U.S. Pat. No. 7,266,455 issued to Kahkoska, on Sep. 4, 2007, discloses a lightning detector system that monitors lightning strikes for a real-time detection and processing system. This invention provides a method of detecting and ranging lightning strikes using an inexpensive eight-bit processor with a single A/D channel and without floating point hardware. The disclosures of this patent are hereby incorporated by reference.

U.S. Pat. No. 7,251,515 issued to Cho, et al., on Jul. 31, 2007, discloses an apparatus for the measuring blood sugar levels non-invasively based on temperature measurements. Non-invasively measured blood sugar level values are obtained by a temperature measurement scheme are corrected by blood oxygen saturation and blood flow volume, thereby stabilizing the measurement data. The shape or color of control buttons for controlling the measurement are associated with the function of each button such that the buttons can be identified either visually or by touch. The disclosures of this patent are hereby incorporated by reference.

U.S. Pat. No. 7,320,030 issued to Brown on Jan. 15, 2008, discloses a remote health monitoring apparatus using scripted communications, e.g., generating a script program from a set of queries. The script program is executable by a remote apparatus that displays information and/or a set of queries to the individual through a user interface. Responses to the queries that are entered through the user interface together with individual identification information are sent from the remote apparatus to the server system across a communication network. The server system also includes an automated answering service for providing a series of questions from a stored set of questions for an individual at the remote apparatus to respond to, storing responses to each provided question in the series of questions and providing a service based on the individual's response to the questions. The disclosures of this patent are hereby incorporated by reference.

While many of the systems in the prior art cleverly and impressively attempt to alert people to dangers, such systems do not actively advise and rescue the people, depending on the condition at the location and any impairments of the people to be rescued. Furthermore, any one prior art system alone has a significant likelihood of incorrectly detecting danger when there is actually no danger (i.e., a false positive), or incorrectly missing danger when there is a real danger (i.e., a false negative). Furthermore, such prior art systems have not included means to assist (e.g., advise and/or rescue) a person who is impaired or who becomes impaired or trapped (e.g., from structural failure, fire, some type of violence, poisoning, explosions or other environmental compressions or decompressions, avalanche, lightning, hurricane, tornado, tsunami, flooding, earthquake, volcanic eruption, medical emergency, or any other dangerous event). What is needed is a system that overcomes these problems with a screening and selective testing approach to increase the probability of more quickly and correctly assisting people in danger. What is also needed is appropriate assistance when a person is already impaired at a location, either because of a pre-existing condition or as a result of a dangerous event.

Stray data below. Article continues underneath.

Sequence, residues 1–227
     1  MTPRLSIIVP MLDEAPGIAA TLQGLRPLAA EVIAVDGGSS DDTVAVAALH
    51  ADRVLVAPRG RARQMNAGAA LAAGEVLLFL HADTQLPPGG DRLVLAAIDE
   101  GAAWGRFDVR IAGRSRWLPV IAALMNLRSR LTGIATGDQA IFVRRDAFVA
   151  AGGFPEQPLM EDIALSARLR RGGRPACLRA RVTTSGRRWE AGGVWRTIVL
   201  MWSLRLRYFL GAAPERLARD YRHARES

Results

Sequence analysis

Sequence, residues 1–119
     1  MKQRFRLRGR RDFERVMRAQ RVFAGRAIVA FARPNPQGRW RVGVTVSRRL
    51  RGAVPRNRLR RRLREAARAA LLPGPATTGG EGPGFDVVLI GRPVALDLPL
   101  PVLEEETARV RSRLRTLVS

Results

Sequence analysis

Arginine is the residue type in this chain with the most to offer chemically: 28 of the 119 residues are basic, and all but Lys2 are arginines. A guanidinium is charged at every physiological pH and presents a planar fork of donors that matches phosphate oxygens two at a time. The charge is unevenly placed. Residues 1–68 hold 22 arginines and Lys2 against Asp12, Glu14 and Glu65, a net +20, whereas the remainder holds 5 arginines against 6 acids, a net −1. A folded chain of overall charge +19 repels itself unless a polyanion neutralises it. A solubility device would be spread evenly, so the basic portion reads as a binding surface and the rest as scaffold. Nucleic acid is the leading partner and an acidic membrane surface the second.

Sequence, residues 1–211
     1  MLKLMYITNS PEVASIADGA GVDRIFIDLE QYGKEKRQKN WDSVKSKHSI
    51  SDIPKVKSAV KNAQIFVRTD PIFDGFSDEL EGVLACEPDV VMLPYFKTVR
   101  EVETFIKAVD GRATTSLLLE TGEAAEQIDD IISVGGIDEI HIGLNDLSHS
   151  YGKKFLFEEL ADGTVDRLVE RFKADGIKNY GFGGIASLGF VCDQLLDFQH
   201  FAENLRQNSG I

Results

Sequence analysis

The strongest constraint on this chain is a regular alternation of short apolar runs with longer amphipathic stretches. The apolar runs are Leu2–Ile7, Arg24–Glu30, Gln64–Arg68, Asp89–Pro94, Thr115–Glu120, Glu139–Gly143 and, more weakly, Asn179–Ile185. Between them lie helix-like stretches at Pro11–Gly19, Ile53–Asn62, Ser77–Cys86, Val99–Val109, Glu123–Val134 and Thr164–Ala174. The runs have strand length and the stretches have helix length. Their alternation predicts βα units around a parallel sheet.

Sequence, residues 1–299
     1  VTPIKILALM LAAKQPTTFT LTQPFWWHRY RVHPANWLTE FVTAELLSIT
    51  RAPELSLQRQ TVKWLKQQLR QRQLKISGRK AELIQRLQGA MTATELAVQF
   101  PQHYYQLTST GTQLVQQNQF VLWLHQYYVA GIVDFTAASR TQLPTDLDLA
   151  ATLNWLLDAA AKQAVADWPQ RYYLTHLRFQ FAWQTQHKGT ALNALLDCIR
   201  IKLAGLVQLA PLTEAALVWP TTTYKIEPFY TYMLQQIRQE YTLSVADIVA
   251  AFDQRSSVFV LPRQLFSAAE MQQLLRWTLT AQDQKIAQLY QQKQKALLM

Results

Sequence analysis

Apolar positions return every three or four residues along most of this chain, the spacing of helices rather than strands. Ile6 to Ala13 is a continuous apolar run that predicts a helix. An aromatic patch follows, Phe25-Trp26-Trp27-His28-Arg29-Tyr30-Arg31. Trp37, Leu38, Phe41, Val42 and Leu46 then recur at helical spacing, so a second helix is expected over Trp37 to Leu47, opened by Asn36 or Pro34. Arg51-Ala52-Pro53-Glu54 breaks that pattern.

SUMMARY OF THE INVENTION

The present invention overcomes the problems of the prior art by using an expert system approach to increase the probability of quickly and correctly assisting (e.g., advising and/or rescuing) people at a location (e.g., buildings, tunnels, bridges, factories, refineries, recreational areas, such as parks, golf courses, ski slopes, public transportation vehicles, such as buses, subways, trains, airplanes, ships, and other large structures). Embodiments of the invention can be implemented in numerous ways. Three aspects of the invention are described below.

A first aspect of the invention is directed to a method to assist a person in danger. The method includes screening a location or a person by an expert system to detect potential danger; selectively testing the location or the person when the screening indicates potential danger; and assisting a person if the selective testing of the location or the person indicates danger to the person.

A second aspect of the invention is directed to a method to assist a person in danger. The method includes screening of a location or a person by an expert system to detect potential danger; selectively testing the location or the person when the screening at the location or the person detects potential danger; and assisting a person if the selective testing at the location indicates the danger.

A third aspect of the invention is directed to a system to assist a person in danger. The system includes a screening module to detect potential danger to a person and selectively test the location or the person when potential danger to the person is detected, wherein the screening module includes one or more expert system modules in screening the location or the person, and an assisting module to assist a person if the selective testing at the location or the person indicates the danger.

BRIEF DESCRIPTION OF THE DRAWINGS

FIG. 1 illustrates a module diagram of a system to assist persons in danger, in accordance with one embodiment of the invention.

FIG. 2 illustrates a module diagram of a system to assist persons in danger, in accordance with another embodiment of the invention.

FIG. 3 illustrates a module diagram of a system to assist people by utilizing an operations module at the location, in accordance with another embodiment of the invention.

FIG. 4 illustrates a module diagram of a system to assist people by utilizing an audio module at the location, in accordance with another embodiment of the invention.